Admit it: When you read “MVP” in the title of this article, you thought “most valuable player." Huh? Sorry to disappoint, but in this context, MVP has nothing to do with sports and everything to do with the success of a software development project. In software development, MVP stands for minimum viable product.
What the Heck is an MVP?
MVP is a recent concept in software development that dovetails nicely with the agile development methodology. Simply put, MVP is the bare-minimum set of core functionality that must be included for the software to be at all useful. Think of it in terms of an automobile: The minimum features a car needs to make it useful are:
- A control to make the car go
- A control to make the car stop
- A control to make the car turn
That’s it. If any one of these features are missing, the device is useless. Obviously, there are some assumptions wrapped up in these features, such as there being a way to store energy and convert it to motion. But from a user-interface standpoint, the above three features are all that’s required to get from A to B.
So what good is an MVP? The MVP is the first working version of the software, and it is typically used to validate the development team’s understanding of the client’s needs. It’s more than a prototype, but less than a finished product. It’s useful for getting client feedback to ensure the developers are on the right track at an early stage of the project, before expending time and money on other features.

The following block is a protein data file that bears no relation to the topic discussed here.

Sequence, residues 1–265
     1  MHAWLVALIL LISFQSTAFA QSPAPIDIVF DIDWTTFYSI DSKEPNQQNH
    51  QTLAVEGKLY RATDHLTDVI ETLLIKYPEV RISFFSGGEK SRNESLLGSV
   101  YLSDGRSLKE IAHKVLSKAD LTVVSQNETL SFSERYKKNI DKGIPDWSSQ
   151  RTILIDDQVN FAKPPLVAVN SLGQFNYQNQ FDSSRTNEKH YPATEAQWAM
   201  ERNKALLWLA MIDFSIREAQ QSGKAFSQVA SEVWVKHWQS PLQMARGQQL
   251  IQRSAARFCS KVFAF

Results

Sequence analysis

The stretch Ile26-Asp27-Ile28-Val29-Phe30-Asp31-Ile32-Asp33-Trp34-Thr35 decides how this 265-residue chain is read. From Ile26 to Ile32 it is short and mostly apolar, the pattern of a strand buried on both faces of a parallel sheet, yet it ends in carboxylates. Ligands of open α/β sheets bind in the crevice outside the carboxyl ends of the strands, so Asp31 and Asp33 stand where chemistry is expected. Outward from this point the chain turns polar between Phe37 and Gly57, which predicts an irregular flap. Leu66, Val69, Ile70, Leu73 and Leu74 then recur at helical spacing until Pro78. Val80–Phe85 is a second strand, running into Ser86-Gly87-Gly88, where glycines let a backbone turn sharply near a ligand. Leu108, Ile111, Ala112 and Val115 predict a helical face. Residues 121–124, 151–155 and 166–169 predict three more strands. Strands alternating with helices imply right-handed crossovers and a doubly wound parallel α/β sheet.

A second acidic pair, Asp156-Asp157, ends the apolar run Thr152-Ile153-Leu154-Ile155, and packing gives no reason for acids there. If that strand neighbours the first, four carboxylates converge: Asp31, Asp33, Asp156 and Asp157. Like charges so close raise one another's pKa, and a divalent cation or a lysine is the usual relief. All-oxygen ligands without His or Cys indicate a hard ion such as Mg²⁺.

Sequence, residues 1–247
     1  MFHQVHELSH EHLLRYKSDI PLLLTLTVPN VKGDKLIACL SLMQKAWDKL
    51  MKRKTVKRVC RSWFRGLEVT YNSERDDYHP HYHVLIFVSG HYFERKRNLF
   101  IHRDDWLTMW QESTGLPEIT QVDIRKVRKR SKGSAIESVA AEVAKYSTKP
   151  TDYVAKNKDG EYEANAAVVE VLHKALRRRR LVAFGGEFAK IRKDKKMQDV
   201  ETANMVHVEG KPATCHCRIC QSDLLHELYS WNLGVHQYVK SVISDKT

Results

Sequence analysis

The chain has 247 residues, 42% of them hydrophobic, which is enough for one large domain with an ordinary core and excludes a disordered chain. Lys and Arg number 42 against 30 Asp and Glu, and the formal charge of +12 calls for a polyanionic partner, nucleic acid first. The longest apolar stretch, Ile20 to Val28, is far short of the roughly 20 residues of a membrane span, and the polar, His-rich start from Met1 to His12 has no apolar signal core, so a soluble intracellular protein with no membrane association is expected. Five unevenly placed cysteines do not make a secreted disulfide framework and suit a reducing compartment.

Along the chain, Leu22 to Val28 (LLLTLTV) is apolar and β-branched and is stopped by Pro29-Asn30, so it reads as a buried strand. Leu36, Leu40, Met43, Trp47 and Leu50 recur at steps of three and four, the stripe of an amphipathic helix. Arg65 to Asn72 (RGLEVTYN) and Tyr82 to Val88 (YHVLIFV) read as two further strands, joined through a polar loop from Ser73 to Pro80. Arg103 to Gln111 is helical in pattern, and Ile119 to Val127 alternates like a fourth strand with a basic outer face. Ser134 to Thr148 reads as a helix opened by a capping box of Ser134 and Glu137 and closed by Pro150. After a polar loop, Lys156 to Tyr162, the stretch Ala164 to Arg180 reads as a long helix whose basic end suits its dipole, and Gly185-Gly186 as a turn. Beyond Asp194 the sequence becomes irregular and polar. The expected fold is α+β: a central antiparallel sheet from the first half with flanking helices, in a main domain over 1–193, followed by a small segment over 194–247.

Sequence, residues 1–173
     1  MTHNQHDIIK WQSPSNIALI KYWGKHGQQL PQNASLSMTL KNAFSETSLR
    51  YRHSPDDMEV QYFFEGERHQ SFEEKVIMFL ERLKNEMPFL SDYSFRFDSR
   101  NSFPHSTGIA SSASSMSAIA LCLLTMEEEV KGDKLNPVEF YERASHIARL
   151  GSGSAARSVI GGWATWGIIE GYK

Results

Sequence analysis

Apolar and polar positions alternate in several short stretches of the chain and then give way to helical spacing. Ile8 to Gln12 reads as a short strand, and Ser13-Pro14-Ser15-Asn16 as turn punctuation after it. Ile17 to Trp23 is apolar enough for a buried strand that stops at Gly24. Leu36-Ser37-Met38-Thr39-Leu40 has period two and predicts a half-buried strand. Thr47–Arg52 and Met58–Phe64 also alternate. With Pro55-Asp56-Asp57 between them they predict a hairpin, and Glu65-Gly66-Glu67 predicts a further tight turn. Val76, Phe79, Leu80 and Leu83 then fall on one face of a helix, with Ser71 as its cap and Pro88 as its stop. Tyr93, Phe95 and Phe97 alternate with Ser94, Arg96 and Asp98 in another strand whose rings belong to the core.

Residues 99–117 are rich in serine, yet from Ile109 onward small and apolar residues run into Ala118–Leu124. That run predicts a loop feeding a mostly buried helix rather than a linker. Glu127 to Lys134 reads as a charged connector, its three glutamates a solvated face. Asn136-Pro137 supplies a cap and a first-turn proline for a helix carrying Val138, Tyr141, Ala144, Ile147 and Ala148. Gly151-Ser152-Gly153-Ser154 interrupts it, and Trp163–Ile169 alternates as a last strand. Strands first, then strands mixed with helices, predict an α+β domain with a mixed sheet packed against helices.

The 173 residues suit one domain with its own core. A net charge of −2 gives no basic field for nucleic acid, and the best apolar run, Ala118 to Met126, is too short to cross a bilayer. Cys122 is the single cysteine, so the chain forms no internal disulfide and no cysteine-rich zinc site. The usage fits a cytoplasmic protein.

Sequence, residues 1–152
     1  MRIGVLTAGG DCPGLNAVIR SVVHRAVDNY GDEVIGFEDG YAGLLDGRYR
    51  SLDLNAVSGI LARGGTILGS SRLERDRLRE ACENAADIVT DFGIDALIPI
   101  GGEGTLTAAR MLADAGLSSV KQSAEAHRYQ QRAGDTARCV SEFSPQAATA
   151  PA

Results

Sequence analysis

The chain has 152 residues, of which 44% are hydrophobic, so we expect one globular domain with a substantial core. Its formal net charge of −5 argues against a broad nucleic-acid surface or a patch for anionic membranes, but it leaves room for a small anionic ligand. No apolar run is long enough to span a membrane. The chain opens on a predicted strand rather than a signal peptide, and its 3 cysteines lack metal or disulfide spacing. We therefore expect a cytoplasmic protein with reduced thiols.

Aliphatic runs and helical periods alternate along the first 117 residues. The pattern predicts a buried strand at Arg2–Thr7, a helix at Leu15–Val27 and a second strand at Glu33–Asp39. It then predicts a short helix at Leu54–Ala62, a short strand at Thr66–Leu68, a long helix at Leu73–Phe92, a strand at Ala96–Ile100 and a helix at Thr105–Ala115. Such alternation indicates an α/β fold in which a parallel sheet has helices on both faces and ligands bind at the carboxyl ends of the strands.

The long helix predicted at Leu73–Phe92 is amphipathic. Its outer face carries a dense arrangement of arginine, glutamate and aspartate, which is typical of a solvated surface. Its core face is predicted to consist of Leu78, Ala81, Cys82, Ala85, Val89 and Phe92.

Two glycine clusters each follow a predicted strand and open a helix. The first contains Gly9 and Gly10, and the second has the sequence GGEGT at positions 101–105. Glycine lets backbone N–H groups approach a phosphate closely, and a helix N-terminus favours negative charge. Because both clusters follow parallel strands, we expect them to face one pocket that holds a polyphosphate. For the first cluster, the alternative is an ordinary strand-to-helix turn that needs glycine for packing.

To extend the car analogy, you could build a car with heated seats and power cup holders, but if you forget the brakes, you’re wasting your time.
As simple as the MVP concept is, it’s actually quite difficult to figure out what constitutes that core set of features. It requires a good deal of discussion and collaboration between the development team and the client to get it right. Three of the most common mistakes when building an MVP are:
- Mistaking “viable” for “saleable." One natural impulse is to include all the “important” features that will differentiate the product in the marketplace. The key idea to keep in mind is that the MVP is not intended for release—it’s a stepping-stone on the way to a releasable product. The goal of an MVP is to implement the critical features—and only the critical features—with maximum speed and minimum cost, in order to get meaningful client feedback.
- Overestimating the MVP feature set. For both commercial (revenue-generating) software and internal business applications, it’s easy to get caught up in all the great ideas for features and lose sight of what is critical and what isn’t. Good development teams have tools and methods for evaluating each idea and determining whether it is a critical, MVP-worthy feature.
- Underestimating the MVP feature set. It’s also easy to fail in the other direction, stripping the feature set down past the minimum level. Fortunately, this error is easy to spot during the prototyping stage, before an actual MVP is even built.
Establishing the MVP feature set is tricky, and it takes a fair amount of experience to get it right. At AndPlus, we have the skills to identify the core features and build an MVP that reflects these features. An MVP based on a well-defined set of core features gives the client a clear idea of the otherwise hidden assumptions behind a project and course-correct the development effort at a stage when it is still inexpensive to do so. It’s an essential step in a robust development methodology…with no athletic ability required.